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TikTok chief executive resigns amid pressure from Trump on business

Kevin Mayer, the chief executive of the popular social media app TikTok, resigned his post late Wednesday, amid pressure from the Trump administration and accusations that the video platform is a threat to US national security.

Kevin Mayer, the chief executive of the popular social media app TikTok, resigned his post late Wednesday, amid pressure from the Trump administration and accusations that the video platform is a threat to US national security.

The app has become a key point in brewing tensions between the US and China, with the Trump administration pushing for the US wing of the business to be sold to a local company. Microsoft is in talks to buy the app’s US branch.

TikTok is owned by ByteDance, a firm based in China.

“We appreciate that the political dynamics of the last few months have significantly changed what the scope of Kevin’s role would be going forward, and fully respect his decision. We thank him for his time at the company and wish him well,” a TikTok spokesperson said.

The app, one of the most popular social media platforms in the country, allows users to create short videos – often with some basic effects and music.

The US military has already banned its use. India has also banned the app, amid a separate row with Beijing.

Mayer, a former executive at Disney, joined TikTok just before it found itself in middle of the storm between the world’s two largest economies.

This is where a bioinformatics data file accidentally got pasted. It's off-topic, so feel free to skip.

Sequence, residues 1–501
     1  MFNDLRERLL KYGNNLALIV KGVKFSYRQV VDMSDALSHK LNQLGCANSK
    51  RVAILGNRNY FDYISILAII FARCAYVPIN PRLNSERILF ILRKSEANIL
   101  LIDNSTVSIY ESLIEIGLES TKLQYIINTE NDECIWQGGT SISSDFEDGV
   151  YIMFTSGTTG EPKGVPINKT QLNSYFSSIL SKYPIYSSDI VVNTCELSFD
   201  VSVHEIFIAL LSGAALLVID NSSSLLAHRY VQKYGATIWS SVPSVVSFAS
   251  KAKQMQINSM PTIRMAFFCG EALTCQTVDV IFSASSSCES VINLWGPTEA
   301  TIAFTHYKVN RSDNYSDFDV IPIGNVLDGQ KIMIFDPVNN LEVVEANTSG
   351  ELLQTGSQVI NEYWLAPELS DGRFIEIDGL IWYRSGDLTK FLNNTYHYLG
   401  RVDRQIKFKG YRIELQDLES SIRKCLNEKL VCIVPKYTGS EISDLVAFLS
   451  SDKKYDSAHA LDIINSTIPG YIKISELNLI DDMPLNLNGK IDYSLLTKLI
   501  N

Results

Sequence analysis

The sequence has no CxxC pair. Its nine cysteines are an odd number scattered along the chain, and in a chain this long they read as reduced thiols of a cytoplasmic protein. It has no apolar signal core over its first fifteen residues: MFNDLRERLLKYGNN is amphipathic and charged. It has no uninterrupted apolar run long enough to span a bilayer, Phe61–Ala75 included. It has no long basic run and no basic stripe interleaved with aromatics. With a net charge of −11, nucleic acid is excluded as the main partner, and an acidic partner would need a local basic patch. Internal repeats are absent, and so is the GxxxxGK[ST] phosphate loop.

Mayer, a US citizen, was a key part of TikTok‘s counterargument that the company is locally based and not a tool for user data harvesting in service of the Chinese government.

“This data collection threatens to allow the Chinese Communist Party access to Americans’ personal and proprietary information,” Trump had said in an executive order this month, deeming TikTok a “threat.”

Trump is pushing for ByteDance to sell the app by mid-September, and effectively complete the handover and shut down any non-US role by November.

The app is part of a wider trade war between the US and China which has increasingly spread to other areas of their relationship, notably over policy towards Hong Kong. The US has also ramped up sanctions on China over maritime issues in the South China Sea.

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